scprofessor: Date: Sun, 14 Jan 2007 08:02:04 -0800 (PST)From:Subject: RE: Business Week Article ResponseTo: Teji Singh, Robert Chaffin, Christine Sullivan

As you no doubt sense, I've been in your position and done your job. The patchwork attempts relative to workouts don't solve the problem that could have and should have been handled at the time or origination. One of the joys of academic freedom is, having tenure; I can freely speak my peace without fear of repercussions. You and other executives at Option One cannot and I understand that.

My sense is that unless the industry has gone through even more changes than when I left it in 1995, you are a salaried employee. Back in the good old days, all who worked for lenders were. That salary provided us with an incentive designed to promote loyalty to our employer. Today many who work on the loan origination side of the house base their income on a commission. No production means no income. What a paradox. I need to act as a loan officer. However if I exercise prudent lending practices I'm going to be cutting my income. The result, as we see it, is the quality of paper that is created is not as represented.

I don't blame you. I certainly don't blame any loan servicers. But let's face it. Each day you see the results of this situation first hand. Crappy loans that never should have been written. Deals that just don't make sense now and didn't make sense when they were made. And of course lack of loyalty means the responsible employees are now working for the competition, continuing to make crappy underwriting decisions. It has to and needs to be stopped. I'm thinking RESPA II is going to be one hell of a restraint on the mortgage business. But a necessary restraint.

Take care,


scprofessor said...

You left out my closing response, which I think is key in its logical conclusions. Also misspelled the word "respond" on your title to this tread (guess it is the teacher in me)...... grin

Bakersfield Bubble said...

Thanks. It's that State University education I received. LOL.

I forget that a few thousand people will read this and should take a little more time and review the posts. My wife chews me out everytime she reads something I write.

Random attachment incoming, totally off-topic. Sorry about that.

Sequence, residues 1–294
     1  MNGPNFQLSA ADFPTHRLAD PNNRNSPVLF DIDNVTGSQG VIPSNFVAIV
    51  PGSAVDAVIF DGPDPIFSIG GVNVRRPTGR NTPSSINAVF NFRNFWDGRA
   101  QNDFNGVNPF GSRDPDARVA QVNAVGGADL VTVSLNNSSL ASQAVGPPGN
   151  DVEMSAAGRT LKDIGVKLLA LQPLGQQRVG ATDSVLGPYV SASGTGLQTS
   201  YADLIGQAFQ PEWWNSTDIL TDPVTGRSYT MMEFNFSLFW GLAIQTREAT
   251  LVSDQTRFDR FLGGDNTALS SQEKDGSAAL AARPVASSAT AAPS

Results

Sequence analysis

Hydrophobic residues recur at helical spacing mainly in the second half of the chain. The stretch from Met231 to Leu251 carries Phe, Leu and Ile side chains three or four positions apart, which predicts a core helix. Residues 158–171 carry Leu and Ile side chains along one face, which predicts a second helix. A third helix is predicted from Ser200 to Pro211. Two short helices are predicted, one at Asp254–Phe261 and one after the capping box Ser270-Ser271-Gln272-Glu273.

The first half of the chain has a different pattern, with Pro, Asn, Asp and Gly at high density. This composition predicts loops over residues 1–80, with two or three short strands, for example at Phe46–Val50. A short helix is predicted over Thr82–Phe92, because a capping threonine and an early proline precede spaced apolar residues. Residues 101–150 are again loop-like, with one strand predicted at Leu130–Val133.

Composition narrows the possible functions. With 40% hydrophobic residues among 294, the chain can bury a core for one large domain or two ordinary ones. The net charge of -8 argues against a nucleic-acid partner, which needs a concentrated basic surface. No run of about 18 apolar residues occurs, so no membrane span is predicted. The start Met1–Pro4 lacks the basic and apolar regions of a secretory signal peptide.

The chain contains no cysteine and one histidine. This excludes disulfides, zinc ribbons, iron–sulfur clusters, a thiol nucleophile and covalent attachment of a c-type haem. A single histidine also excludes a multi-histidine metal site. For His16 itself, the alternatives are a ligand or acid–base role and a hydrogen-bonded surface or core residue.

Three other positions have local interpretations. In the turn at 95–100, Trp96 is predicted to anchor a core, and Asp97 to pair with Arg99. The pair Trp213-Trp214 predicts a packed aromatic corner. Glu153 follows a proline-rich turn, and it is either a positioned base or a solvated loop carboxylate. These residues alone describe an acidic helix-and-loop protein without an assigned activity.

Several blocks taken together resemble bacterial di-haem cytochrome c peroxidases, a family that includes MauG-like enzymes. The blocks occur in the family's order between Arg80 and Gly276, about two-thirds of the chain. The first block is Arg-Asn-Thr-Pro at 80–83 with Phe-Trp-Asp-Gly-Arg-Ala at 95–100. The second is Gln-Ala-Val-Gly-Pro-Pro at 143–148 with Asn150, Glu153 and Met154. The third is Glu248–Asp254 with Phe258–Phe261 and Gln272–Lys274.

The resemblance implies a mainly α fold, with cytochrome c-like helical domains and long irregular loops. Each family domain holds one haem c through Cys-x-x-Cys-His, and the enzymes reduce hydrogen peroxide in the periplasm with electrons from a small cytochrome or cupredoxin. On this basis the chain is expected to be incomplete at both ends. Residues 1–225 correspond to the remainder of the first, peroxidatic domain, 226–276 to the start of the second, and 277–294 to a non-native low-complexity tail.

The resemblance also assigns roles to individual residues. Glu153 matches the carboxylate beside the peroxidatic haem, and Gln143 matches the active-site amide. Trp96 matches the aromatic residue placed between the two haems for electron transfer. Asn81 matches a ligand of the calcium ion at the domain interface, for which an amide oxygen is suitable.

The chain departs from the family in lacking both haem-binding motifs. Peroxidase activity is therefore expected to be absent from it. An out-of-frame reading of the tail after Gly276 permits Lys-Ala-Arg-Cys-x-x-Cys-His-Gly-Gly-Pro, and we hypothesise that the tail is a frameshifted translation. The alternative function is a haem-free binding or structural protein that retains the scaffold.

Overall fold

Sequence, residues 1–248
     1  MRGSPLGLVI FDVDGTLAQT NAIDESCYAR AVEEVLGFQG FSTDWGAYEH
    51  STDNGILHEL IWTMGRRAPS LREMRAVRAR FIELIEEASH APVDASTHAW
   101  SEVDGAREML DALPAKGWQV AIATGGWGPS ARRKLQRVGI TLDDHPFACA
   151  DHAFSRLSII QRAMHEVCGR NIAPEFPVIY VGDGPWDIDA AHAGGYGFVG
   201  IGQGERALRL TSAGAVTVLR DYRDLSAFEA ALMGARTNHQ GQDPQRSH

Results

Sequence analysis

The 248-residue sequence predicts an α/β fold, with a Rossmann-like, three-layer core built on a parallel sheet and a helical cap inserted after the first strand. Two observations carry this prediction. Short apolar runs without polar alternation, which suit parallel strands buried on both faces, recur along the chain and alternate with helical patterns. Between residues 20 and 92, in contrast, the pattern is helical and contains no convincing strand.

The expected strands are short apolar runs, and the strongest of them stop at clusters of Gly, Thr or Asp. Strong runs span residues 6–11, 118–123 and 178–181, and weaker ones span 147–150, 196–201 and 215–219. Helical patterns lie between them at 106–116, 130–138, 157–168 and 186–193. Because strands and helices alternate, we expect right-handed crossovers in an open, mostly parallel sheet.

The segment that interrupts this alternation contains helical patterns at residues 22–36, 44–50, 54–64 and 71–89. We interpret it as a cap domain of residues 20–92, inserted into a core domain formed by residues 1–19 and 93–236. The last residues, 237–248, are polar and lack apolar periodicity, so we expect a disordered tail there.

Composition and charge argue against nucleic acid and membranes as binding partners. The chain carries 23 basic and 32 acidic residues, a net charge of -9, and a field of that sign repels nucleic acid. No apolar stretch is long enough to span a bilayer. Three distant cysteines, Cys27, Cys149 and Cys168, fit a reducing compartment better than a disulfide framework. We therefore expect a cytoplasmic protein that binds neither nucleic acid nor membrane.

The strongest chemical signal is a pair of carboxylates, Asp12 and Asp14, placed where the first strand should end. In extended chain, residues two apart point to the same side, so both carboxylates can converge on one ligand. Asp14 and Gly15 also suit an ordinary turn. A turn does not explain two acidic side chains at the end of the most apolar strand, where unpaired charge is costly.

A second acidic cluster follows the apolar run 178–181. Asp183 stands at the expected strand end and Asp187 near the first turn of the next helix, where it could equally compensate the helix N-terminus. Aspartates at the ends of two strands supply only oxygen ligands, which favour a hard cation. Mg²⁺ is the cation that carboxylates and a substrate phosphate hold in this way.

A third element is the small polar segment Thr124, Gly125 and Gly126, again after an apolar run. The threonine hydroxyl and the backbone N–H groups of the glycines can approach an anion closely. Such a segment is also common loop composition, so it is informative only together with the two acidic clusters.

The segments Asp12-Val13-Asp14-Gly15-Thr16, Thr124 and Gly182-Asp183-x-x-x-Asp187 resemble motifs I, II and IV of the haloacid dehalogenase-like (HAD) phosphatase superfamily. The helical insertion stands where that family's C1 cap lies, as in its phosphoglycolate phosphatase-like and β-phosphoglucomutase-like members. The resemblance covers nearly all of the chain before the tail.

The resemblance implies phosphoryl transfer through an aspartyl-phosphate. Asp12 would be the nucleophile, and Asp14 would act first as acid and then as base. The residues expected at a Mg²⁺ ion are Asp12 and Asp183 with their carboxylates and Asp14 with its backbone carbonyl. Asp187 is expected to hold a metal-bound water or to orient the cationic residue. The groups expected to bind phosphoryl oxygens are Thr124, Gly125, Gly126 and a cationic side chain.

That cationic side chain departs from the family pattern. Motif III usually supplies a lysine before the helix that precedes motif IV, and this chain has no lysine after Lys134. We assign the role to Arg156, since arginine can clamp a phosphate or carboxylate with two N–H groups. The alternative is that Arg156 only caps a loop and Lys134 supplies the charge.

Perfect Storm said...

Misspelled words in a blog type environment are common, but sense this is just conversation without talking the message is more important than the grammer. Blogs further education through debate and commentary, which is a great tool for our society.

From the printing press, to the encyclopedia, to mass media, to the blogsphere, these are great achievements for our society. The blogsphere is the first place where millions can read an indvidual's view, without it first being published.

What I am amazed at is how far one industry (REIC) will go in order to structure an economic environment that only benefits a few, with gross negiglent to the rest of our Country.

I quote Paul Strebel "this closed attitude of ridgity and corporate super-ego that has set in place philisophy, beliefs, and impicit strategies that shape the an organization's view of the world. A closed mind-set is, unhappily, very easy to develop. It may be created by delusions of success, ingrained strategies, or buried assumptions. Although a closed mind-set may be blind to change forces initially, their strength can cause a rapid reversal, once realization dawns.

The REIC most assuredly has a closed mind set, however due to what appears to be nothing less than a huge storm of defaulting loans on the horizon they will be forced to change. However, the example of Option One's response to the scenario noted above of trying to steer responsibility from themselves is just part of the closed mind set this industry has developed. Unfortuantely they have caused an economic disaster.

Housing Wizard said...

Wow , I really enjoyed reading your responses to Option One scprofessor.